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Klangstof’s debut album Close Eyes To Exit, released on LA’s Mind Of A Genius imprint, is an interesting testament to the upsides and downsides of an artist trying to define a signature sound. The album, as anyone who’s listened to the steady stream of singles that’ve been released in recent months may have guessed, is a sweet and soothing exercise in synthpop-meets-indie-rock exuberance, full of catchy melodic hooks and spacey drum beats.
Klangstof has an indisputable command of melody writing, and nearly every song on Close Eyes To Exit has ear worm synth lines and guitar parts that are bound to be stuck in the listener’s head for days. There are scores of small details littered throughout the 11-track LP, from the enthralling crescendo of curtain-raiser “Doolhof” to the nimble interplay of voice and guitar on “Seasons,” that show Klangstof are more than capable songwriters, producers, and sound designers, but a cohesive group that crafts songs with intention, vision and purpose. It is these little sonic treats that make up for the occasional silliness and cheesiness of the lyrics and vocal performance.
But if the album is plagued by one thing, it’s an at-times vexing sense of sameness. Klangstof definitely has a formula that they’re comfortable working from, and much of the album follows a similar pattern of sparse intros that build layer upon layer, leading into echoing choruses of layered vocals and half time drums. This also leads to a deficit of energy; it’s not until “Seasons,” the fifth song on the album, that we get something remotely groovy or beat-driven. And even when Klangstof attempts to deviate from this formula, with the waltz-rhythm of “Telephone,” the spaced-out synth whirls of “Hostage,” or The XX-inspired sobriety of “The Butcher,” they seem to be restrained by their commitment to their own aesthetic, and one is often left wondering how fascinating these songs might have been if they had taken their deviations and ran with them.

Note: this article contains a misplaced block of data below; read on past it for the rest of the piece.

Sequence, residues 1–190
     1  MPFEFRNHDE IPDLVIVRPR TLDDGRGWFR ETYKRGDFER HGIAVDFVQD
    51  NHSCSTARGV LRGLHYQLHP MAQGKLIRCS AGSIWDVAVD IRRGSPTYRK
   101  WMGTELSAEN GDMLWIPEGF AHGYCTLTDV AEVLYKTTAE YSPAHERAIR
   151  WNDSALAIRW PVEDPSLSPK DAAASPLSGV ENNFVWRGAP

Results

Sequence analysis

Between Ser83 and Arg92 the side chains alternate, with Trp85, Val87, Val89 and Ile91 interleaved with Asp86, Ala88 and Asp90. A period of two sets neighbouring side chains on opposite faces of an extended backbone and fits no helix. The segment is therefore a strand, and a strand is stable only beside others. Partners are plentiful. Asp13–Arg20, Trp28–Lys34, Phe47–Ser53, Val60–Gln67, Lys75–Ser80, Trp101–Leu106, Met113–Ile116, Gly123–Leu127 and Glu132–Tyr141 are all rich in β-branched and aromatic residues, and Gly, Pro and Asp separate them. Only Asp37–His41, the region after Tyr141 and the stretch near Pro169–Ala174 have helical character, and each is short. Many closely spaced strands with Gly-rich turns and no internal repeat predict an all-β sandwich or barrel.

This is not to suggest that Close Eyes To Exit is a bad album in any way. On the contrary, it is perhaps made even more endearing for all of its flaws. It is an album that has unmistakable personality, a presence and a humanity that make it far greater as a whole than the sum of its parts. The album is, in a sense, like the deliciously detuned guitars of its stand out and title track — a well-orchestrated debut made all the more tangible through its imperfections.
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